Police station guards ‘paid below new minimum wage’

Security guards protecting Northern Ireland’s police stations are often earning below the new minimum wage, it is claimed, with one telling the News Letter he has only had a 20p pay rise in 15 years.

The news comes after the News Letter revealed that many unarmed G4S security guards have to work solo 12-16 hour shifts guarding stations along the border and in greater Belfast.

G4S security guards are voicing concerns about pay and working conditions, often in 12 hours shifts in police station sangars. Photo@ Arthur Allison

G4S security guards are voicing concerns about pay and working conditions, often in 12 hours shifts in police station sangars. Photo@ Arthur Allison

One said: “I have had a 20p pay rise over 15 years and have been employed by five different employers who all refused to give us a pay rise.

“G4s pay us £8.21 an hour which was good money 15 years ago but not now in light of the threat to us and our families.”

Another guard said: “Many frontline civilian staff, including security guards, are earning as little as £8.06 per hour which actually falls below the new recommended national minimum wage [£8.21 from April].”

“This for a job that carries the responsibility of providing the security of an entire police station, which also incorporates other roles like operating and monitoring CCTV, looking after personnel entering the station and other responsibilities which vary from station to station. When there is no G4s cover then two police officers are carrying out this role in place of one G4s guard.”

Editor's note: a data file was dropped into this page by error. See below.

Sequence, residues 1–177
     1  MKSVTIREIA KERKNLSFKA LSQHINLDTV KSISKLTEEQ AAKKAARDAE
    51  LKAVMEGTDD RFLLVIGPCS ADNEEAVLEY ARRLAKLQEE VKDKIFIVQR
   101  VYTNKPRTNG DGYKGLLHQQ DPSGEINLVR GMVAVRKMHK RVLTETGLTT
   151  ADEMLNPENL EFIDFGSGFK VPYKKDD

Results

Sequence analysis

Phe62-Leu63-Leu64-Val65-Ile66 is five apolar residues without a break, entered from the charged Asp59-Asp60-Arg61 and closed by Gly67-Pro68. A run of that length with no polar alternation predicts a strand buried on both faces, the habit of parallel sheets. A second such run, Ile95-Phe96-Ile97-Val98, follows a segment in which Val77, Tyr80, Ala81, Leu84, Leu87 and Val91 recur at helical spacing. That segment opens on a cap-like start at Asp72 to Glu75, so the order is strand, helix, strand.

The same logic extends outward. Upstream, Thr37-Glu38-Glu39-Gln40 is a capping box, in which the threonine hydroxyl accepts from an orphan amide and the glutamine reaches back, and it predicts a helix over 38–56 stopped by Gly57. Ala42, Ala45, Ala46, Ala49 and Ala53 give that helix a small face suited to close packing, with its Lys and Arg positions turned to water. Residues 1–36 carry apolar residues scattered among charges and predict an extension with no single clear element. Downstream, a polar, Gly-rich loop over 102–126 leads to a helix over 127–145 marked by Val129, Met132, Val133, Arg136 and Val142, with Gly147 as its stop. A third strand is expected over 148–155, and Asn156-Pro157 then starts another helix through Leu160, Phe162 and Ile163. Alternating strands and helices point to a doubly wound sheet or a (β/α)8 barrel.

He said that some staff have had pay rises of only 50-60p in over ten years.

A third guard said the public is often shocked to see the level of responsibility civilians have, in fixed penalty processing, station enquiries and as camera operators.

“I have had members of the public gasp in surprise when they see such a company working in a contract with the police in such responsible roles,” he said.

UUP MLA Rosemary Barton affirmed all their concerns, and highlighted “the very low level of pay that these security staff are receiving”.

But GMB organiser Michael Mulholland said the points raised are “not completely accurate” adding that previous employers made a number of pay offers.

G4S Contract Director David Harris said it took on the PSNI contract nine months ago and it meets all legal requirements.

“All G4S employees are paid above the national living wage and site staffing levels meet the assessed requirements which are set out by the PSNI,” he said.

PSNI Director of Finance Mark McNaughten said: “Any contracts for agency staff requires the employing agency to comply with employment law, including minimum wage regulations.”